STATUS: Consumer, weekday daily, free
NEWSLETTER TYPE: Engagement
PURPOSE: “Understand the most important news and ideas shaping the world every weekday morning in your inbox.” Target audience is "premium general interest and cross border thinkers”.
LAUNCHED: October 2022
SUBSCRIBERS: Not disclosed.
WORD COUNT: 2,049
SENT FROM: Semafor Flagship <email@example.com> A corporate email address (reader connection opportunity missed).
“Lula’s big, narrow victory.” The news story selected for top billing, the victory of the challenger in Brazil’s election.
Yellow! An emulation of the Financial Times pale pink approach, the pale yellow background is certainly different. A Times-like serif font gives a traditional look and feel, although combined with the yellow, verges on antique.
On mobile, the text comes up big and clear in portrait mode, reminding us how other newsletters are set so small. This really matters for the user experience. Pinching, tweaking and twisting in order to read negatively affects engagement.
There are three token weather symbols showing that it’s either sunny or cloudy in the 3 locations where the top news is from.
There’s a to the point welcome summary from editor Tom Chivers who appears in a grey picture. Not quite as zippy or personable as a Morning Brew or 6AM City intro, instead going with gravitas for global news. That’s fine, it sets a serious tone.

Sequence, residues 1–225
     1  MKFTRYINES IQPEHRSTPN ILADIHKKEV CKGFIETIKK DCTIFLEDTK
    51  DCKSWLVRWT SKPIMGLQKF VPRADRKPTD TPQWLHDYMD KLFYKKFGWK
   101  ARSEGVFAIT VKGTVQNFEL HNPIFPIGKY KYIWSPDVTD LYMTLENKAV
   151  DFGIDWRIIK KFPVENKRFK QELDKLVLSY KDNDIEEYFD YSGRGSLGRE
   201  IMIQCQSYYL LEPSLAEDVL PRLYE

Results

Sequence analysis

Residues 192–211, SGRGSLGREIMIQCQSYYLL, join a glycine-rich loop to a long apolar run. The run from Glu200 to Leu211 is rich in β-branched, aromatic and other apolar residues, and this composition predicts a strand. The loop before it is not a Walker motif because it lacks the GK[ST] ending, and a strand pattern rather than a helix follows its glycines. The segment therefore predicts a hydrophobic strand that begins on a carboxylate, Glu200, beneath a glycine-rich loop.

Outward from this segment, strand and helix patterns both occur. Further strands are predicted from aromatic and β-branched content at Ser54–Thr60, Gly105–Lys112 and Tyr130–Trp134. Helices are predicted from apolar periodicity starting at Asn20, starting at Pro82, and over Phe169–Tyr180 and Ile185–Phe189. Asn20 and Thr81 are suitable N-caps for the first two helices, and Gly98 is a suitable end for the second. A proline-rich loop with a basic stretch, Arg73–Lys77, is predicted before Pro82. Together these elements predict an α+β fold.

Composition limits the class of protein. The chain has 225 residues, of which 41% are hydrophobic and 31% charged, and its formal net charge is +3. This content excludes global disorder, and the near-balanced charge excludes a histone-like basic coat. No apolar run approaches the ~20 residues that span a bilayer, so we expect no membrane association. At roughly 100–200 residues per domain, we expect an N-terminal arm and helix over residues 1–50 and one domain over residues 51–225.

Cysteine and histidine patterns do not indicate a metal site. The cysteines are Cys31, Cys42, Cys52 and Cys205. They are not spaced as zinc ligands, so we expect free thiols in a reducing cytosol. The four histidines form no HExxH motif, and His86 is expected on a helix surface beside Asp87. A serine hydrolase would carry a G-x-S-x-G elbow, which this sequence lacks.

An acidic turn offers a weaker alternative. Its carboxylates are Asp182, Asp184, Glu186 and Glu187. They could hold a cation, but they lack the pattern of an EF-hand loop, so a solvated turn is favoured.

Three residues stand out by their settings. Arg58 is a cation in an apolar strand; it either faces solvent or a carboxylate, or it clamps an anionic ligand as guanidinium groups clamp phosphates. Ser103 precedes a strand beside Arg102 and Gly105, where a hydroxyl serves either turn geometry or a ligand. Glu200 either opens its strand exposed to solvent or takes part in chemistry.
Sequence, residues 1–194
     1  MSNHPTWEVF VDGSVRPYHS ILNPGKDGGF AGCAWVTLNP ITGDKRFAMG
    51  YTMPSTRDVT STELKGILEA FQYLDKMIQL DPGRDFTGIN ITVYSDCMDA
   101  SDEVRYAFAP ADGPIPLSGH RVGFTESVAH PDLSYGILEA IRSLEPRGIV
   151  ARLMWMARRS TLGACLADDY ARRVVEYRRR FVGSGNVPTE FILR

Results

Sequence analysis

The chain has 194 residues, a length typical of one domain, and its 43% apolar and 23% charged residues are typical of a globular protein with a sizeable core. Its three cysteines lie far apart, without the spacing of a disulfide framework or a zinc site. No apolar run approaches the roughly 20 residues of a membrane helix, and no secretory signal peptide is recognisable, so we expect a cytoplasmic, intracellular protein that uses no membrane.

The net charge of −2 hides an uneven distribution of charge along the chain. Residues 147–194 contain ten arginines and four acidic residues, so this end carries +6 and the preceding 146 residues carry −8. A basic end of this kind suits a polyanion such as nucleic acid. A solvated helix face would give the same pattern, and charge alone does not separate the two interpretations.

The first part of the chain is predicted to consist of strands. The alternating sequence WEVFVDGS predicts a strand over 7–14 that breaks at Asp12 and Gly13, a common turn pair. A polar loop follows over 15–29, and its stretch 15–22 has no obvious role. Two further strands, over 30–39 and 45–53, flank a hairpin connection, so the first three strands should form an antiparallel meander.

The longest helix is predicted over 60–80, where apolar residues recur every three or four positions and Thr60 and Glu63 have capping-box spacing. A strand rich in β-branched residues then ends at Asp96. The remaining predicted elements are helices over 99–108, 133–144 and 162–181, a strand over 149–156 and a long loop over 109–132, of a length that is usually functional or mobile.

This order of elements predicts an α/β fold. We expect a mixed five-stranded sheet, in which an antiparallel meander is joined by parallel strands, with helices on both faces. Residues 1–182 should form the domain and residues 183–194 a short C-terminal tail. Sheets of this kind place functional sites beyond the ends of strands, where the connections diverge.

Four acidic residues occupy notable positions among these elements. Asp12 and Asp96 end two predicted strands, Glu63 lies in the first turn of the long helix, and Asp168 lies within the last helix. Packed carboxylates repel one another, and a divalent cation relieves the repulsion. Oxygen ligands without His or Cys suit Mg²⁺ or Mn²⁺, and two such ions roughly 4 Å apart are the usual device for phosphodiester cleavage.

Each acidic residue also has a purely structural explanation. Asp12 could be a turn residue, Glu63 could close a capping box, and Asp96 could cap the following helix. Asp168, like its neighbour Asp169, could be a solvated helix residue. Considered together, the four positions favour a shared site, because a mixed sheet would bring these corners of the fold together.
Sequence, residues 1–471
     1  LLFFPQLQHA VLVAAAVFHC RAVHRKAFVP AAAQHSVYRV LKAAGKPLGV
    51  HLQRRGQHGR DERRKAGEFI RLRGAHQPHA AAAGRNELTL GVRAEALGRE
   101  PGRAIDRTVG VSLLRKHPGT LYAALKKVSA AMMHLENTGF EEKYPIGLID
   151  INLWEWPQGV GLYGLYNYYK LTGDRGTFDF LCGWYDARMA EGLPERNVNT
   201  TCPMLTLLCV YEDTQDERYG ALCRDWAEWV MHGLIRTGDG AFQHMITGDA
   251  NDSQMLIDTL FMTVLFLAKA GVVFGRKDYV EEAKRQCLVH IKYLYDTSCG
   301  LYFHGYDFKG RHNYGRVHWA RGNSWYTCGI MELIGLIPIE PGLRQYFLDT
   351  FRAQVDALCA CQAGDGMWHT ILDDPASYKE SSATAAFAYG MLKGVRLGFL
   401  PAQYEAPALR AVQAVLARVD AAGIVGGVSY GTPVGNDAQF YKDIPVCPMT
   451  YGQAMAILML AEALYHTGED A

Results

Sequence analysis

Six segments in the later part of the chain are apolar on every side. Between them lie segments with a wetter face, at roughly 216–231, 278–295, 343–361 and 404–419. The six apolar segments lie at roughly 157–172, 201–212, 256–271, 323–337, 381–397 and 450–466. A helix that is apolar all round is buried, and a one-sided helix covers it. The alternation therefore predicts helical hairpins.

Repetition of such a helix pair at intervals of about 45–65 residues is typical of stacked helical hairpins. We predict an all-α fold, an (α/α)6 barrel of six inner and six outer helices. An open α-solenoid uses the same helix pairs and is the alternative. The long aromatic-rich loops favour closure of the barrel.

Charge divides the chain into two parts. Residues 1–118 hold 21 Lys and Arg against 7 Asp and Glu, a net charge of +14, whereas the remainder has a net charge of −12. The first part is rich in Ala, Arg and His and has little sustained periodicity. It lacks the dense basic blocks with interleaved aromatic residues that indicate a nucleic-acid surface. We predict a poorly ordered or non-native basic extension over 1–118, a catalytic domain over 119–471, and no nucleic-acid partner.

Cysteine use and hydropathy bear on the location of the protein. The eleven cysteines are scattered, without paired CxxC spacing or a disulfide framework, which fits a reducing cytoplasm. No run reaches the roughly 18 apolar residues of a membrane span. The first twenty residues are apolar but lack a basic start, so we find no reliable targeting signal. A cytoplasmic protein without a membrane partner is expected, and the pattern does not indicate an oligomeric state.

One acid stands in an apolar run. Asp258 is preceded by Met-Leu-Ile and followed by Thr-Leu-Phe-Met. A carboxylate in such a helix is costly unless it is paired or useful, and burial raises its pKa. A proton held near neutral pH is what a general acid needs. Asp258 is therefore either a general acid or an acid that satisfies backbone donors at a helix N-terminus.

There’s a world map with numbers placed in the news locations. Each number refers to one of the regular 10 news stories in the newsletter.
The 10 headlines are then handily listed below the map, with 2 additional, bonus items.
Each of the 10 news items gets 150ish words in 1 or sometimes 2 paragraphs of quite densely formatted text, with little or no white space. Every item is ruled off in a lined box, with a headline and a picture. The only concession to “ungreying” is the first line in bold.
The additional items are lighter afterthoughts. One comprises a single paragraph review for each of 3 London-based Substack newsletters featured, with links to the long read in each, and another is a frivolous piece about Halloween with a link.
Sources are rarely named (just a couple in 10 stories), and usually each story has just one link. The links follow a pretty random pattern, but the tendency is for them to be applied in the middle or bottom of the piece and to relate to a single word or phrase.
The reader doesn’t always know which websites have been used to create the summaries apart from the ones that there are mentions of links to: El Pais, thenationalnews.com, AP News, The Korea Times, Propublica, Financial Times (paywall), Nikkei Asia and the 3 individual Substack newsletters.
Semafor Flagship is one of eight free newsletters offered from launch in October 2022. The business looks like a "newsletter-first" operation but this isn't stated anywhere by management. Semafor is backed with $25m in venture capital funding and has benefited from much pre-launch chat in media circles.